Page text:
- May 26th, 2022
- in Fulbright
Photo credit: Photo courtesy of Auburn University Photographic Services.
Left to right: Dr. Elizabeth Quansah, director, Auburn University Outreach Global; Dr. John Bader, executive director, national Fulbright Association; Dr. Beverly Hawk, director of Global and Community Engagement, University of Alabama Division of Community Affairs; Dr. Stacey Nickson, director, Center for Educational Outreach and Engagement, Auburn University, and a member of the National Fulbright Association Board of Directors; Dr. Chippewa Thomas, director of the Auburn University Office of Faculty Engagement and president of the Fulbright Association Alabama chapter; and Dr. Samory T. Pruitt, vice president for Community Affairs, The University of Alabama.
by Dr. Ed Mullins
Director of Research and Communication, Division of Community Affairs
Dr. Beverly Hawk, director of Global and Community Engagement in the Division of Community Affairs at The University of Alabama, is the recipient of the Alabama Fulbright Association Chapter’s Lifetime Achievement Award. She is the first person to receive the award, which recognizes her many contributions and years of service to the Fulbright mission of mutual understanding through international educational exchange.
The award was presented in a ceremony at the President’s Home at Auburn University on May 10, commemorating the 75th anniversary of the founding of the Fulbright Program.
In a letter to Hawk, Dr. Chippewa Thomas, director of the Auburn University Office of Faculty Engagement, wrote: “As the current president of the Alabama Fulbright Association Chapter, I commend you for your long-standing commitment and meritorious service to the Fulbright Program … . Your work in the first 20 years as the founding president of the Alabama chapter has led to the fulfillment of the Fulbright mission … .”
In accepting the award, Hawk responded:
“My heart is full. To look around the room and see Fulbright alumni I have worked with in the Alabama chapter over the last 25 years brings back to me all the work we have done together building the Fulbright chapter, welcoming Fulbright visitors to our state, sharing our culture with them, and advising applicants to submit their applications to the national competition. I see some of the winners here tonight. I think of how our Fulbright chapter brought together the many different educational institutions of Alabama to work together for cultural understanding, and, historically, many had not worked together. We are a great success, and I am thrilled to be honored during our 75th Anniversary celebration of the Fulbright Program.”
Hawk was accompanied to the awards dinner by UA Vice President for Community Affairs Dr. Samory Pruitt. “Dr. Hawk has been instrumental in helping to make Fulbright opportunities for students and faculty at the University,” said Pruitt, to whom Hawk has reported for the past 10 years. Pruitt continued: “Hawk has applied wisdom from her own Fulbright experiences in Kenya, Malawi and Morocco in developing an innovative strategy” in recruiting UA students for Fulbright awards.
At the Auburn ceremony, as she presented the award to Hawk, Dr. Stacey Nickson of Auburn University, herself a Fulbright grant recipient to South Africa and Ghana, as well as a former chapter president and a member of the National Fulbright Association Board of Directors, said, “Like so many of us here, I was drawn to the Fulbright Program by Dr. Hawk. She literally changed the trajectory of my life and career by identifying my potential and mentoring me in becoming a Fulbrighter. We join here tonight to recognize her contributions to both the Fulbright program and its core mission of world peace.”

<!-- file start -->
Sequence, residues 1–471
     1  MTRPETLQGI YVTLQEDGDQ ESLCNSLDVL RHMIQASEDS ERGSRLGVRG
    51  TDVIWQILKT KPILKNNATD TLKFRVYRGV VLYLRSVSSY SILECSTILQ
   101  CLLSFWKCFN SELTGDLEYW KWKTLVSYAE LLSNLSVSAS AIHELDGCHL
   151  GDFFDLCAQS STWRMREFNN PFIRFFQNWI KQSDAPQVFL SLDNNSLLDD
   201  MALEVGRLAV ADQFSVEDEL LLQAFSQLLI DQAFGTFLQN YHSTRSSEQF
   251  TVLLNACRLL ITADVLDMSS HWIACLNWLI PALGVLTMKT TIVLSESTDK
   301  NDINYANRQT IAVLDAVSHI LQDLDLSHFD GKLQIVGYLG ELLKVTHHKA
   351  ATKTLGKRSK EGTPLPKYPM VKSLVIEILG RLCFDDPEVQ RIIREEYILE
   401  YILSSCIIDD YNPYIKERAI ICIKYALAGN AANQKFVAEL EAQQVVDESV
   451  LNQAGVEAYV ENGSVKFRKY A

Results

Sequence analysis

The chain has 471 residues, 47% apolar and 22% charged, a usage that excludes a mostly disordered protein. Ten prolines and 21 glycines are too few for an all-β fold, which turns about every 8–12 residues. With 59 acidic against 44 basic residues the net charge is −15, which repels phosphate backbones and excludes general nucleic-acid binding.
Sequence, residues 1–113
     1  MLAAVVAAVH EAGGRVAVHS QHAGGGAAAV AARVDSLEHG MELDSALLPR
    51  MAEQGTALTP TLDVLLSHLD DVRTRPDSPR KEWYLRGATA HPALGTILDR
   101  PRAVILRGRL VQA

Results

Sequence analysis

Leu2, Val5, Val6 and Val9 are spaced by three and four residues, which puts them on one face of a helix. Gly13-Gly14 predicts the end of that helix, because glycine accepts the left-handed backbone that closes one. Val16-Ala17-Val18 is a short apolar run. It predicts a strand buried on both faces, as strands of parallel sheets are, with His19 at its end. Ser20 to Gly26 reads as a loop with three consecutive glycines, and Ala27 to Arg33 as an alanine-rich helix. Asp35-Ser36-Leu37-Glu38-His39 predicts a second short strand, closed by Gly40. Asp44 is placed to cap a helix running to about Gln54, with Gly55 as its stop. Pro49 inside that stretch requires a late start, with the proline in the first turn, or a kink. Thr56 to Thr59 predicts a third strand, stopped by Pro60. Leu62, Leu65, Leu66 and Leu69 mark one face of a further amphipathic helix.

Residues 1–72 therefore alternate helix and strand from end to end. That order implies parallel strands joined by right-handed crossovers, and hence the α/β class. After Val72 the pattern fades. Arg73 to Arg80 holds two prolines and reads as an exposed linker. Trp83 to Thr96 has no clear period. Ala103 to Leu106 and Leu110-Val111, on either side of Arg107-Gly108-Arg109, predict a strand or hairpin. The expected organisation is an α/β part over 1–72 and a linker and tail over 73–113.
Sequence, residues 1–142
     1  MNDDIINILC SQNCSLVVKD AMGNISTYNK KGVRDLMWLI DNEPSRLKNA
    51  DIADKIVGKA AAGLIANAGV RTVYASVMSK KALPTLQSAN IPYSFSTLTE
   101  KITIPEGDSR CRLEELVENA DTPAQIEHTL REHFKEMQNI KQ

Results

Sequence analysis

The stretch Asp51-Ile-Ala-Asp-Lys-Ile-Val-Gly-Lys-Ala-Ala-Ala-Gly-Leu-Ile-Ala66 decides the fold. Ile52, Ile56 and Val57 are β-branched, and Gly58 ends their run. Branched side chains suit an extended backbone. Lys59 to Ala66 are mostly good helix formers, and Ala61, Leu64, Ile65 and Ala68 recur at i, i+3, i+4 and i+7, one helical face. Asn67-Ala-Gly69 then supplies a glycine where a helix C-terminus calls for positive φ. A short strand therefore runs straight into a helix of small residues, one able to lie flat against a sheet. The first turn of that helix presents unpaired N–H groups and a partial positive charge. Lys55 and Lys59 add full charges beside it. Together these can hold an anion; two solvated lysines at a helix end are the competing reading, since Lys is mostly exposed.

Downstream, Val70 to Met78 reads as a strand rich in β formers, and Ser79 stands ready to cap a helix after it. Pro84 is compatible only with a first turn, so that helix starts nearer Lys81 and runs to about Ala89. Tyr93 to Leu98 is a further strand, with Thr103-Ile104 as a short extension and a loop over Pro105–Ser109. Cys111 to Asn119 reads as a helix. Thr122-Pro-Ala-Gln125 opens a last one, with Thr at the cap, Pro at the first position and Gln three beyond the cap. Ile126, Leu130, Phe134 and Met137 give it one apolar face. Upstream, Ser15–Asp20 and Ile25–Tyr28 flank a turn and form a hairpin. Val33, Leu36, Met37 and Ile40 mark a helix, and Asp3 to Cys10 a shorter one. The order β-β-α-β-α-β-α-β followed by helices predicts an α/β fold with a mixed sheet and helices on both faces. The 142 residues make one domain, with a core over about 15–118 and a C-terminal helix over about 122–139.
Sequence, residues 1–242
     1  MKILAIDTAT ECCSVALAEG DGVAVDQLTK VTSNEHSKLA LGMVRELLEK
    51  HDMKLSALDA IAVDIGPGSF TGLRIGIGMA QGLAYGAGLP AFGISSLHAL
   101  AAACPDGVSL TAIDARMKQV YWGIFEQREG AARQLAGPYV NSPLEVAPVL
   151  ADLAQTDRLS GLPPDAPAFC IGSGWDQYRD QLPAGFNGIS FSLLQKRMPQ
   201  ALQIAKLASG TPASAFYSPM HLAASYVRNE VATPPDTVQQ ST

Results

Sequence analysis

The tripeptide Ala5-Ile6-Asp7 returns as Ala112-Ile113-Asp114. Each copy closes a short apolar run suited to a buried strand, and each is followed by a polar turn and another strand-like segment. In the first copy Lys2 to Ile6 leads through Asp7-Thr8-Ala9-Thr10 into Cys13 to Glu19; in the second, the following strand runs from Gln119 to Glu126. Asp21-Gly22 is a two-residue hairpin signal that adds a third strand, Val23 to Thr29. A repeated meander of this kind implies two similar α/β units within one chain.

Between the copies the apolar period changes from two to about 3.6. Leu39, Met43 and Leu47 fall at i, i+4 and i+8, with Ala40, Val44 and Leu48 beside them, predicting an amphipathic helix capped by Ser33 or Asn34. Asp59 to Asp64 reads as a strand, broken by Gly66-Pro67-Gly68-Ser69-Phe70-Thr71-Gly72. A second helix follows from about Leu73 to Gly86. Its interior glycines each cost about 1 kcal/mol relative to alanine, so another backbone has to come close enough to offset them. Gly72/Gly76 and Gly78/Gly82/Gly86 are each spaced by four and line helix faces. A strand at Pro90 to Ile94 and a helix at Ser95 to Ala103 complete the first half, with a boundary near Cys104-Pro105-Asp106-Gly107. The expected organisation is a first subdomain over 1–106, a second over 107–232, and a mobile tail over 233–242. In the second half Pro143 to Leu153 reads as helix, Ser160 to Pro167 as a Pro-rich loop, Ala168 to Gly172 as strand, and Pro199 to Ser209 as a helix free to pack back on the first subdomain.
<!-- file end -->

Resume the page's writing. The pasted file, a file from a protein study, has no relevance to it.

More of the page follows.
Three years after Hawk was asked to take on the task of promoting and recruiting Fulbrights, UA won national Top Producer status for the first time in its history. As a dedicated member of UA’s Fulbright advising team, Hawk has contributed to more than 100 student Fulbright awards and repeated national Fulbright Top Producer recognition for the University.
Thanks in large part to Hawk’s work, the Fulbright advising team at the University in 2022 can claim five research and study award winners and 10 English Teaching Awards, very likely earning UA another year in the Top Producer ranks.
As director of Global and Community Engagement in UA’s Center for Community-Based Partnerships, an initiative of the Division of Community Affairs, Hawk brings international students and UA students together as language partners to build ties and create mutual understanding.
A lifetime member of the Fulbright Association, Hawk is the founding president of the Alabama Chapter. In 2000, the U.S. secretaries of state and education honored Hawk with the Millennium International Volunteer Award for her initiatives in pursuing international understanding.
She describes her professional life as one “motivated by a desire to share the Fulbright ideal to promote mutual understanding through international educational engagement.”
Since Hawk began recruiting Fulbright student applicants to serve as English teaching assistants or to conduct research and study abroad, the University advising effort has grown and UA has been a national Top Producer five times.
Hawk received her bachelor’s degree in political science from John Carroll University, her master’s in African studies from Howard University, and a master’s and her PhD in political science from the University of Wisconsin-Madison. She is the recipient of the Sigma Delta Chi Award Medallion of the Society of Professional Journalists for Africa Media Image, a book that shaped the field of media studies in the African studies discipline.